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New York Lieutenant Governor, Charged In Alleged Bribery Scheme, Resigns

Channels Television  
Updated April 13, 2022
NEW YORK, NEW YORK – APRIL 12: New York Lieutenant Governor Brian Benjamin leaves the US District Courthouse on April 12, 2022 in New York City.  (Photo by Alexi Rosenfeld / GETTY IMAGES NORTH AMERICA / Getty Images via AFP)

 

 

New York State’s second-in-command resigned Tuesday after surrendering to a federal corruption indictment over a scheme to funnel fraudulent donations to a prior campaign.

The five-count charge sheet said Lieutenant Governor Brian Benjamin took part in a scheme to obtain contributions from an unnamed Harlem real estate investor in exchange for a $50,000 state grant for a non-profit organization controlled by the investor.

Benjamin, a state senator at the time, was running in what would ultimately be an unsuccessful 2021 bid to become New York City’s comptroller.

“In so doing, Benjamin abused his authority as a New York State senator, engaging in a bribery scheme using public funds for his own corrupt purposes,” prosecutors said in the indictment.

The Harlem developer was arrested in November.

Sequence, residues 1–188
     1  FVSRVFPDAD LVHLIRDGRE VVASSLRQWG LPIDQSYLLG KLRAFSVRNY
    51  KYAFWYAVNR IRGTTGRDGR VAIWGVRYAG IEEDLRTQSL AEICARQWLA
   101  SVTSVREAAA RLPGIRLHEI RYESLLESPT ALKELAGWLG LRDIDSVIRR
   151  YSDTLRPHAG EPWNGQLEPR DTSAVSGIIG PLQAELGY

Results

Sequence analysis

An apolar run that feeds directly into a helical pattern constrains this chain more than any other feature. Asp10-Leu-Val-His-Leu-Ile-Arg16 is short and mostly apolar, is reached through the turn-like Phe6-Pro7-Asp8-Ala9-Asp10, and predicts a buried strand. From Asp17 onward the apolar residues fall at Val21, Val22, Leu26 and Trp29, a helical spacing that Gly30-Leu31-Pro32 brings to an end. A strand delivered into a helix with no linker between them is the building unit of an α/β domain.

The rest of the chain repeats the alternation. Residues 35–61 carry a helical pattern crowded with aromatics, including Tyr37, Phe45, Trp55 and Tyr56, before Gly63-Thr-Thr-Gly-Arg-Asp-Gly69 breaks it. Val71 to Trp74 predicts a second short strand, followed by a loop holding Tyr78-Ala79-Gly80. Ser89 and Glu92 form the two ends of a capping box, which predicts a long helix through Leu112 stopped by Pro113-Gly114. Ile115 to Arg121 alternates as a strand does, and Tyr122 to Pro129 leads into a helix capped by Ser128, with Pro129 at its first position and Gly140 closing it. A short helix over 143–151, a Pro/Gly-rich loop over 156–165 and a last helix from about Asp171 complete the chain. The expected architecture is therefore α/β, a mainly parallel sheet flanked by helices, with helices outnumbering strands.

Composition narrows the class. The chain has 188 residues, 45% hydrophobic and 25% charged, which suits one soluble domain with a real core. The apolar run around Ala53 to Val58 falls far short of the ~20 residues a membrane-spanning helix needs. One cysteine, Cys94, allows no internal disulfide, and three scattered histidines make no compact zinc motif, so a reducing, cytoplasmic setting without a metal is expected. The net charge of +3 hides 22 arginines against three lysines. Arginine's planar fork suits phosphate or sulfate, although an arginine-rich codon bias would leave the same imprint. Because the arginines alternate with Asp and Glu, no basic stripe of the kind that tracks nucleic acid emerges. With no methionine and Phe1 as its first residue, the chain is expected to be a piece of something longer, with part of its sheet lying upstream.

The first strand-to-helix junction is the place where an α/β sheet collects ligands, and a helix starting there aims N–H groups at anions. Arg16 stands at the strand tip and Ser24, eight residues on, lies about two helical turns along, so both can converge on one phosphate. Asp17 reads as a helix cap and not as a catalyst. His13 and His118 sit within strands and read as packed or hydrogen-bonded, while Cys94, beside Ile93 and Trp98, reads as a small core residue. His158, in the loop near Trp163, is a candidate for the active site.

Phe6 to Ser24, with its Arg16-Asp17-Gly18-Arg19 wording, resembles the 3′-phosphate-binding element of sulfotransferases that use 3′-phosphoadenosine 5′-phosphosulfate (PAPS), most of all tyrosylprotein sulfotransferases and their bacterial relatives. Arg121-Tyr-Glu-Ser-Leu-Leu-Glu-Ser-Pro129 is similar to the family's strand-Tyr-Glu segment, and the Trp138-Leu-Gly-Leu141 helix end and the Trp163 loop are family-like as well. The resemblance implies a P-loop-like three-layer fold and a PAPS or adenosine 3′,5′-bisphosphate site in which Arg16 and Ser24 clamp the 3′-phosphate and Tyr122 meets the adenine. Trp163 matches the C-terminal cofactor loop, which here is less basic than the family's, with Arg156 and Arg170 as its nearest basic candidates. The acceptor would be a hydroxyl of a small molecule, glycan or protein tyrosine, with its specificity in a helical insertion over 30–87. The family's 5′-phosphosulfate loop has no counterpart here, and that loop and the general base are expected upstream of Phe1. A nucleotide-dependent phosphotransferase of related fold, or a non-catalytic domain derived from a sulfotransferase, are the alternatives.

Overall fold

The indictment accuses Benjamin of telling “a series of lies and deceptions to cover up the scheme,” falsifying campaign donation forms and giving misleading information to New York City authorities as part of a background check to become lieutenant governor.

He is accused of bribery and honest services wire fraud and related conspiracy charges, as well as two counts of falsification of records.

Benjamin, 45, is the deputy to Kathy Hochul, who was elevated to the state’s governorship last year after Andrew Cuomo resigned amid allegations of sexual misconduct.

Hochul is not suspected of having known about the allegations involving Benjamin, whom she appointed soon after taking office.

“I have accepted Brian Benjamin’s resignation effective immediately. While the legal process plays out, it is clear to both of us that he cannot continue to serve as Lieutenant Governor,” Hochul said in a statement Tuesday evening.

“New Yorkers deserve absolute confidence in their government, and I will continue working every day to deliver for them.”

The lieutenant governor is expected to appear in court in Lower Manhattan later Tuesday.

The New York State Democratic Party did not immediately respond to a request for comment.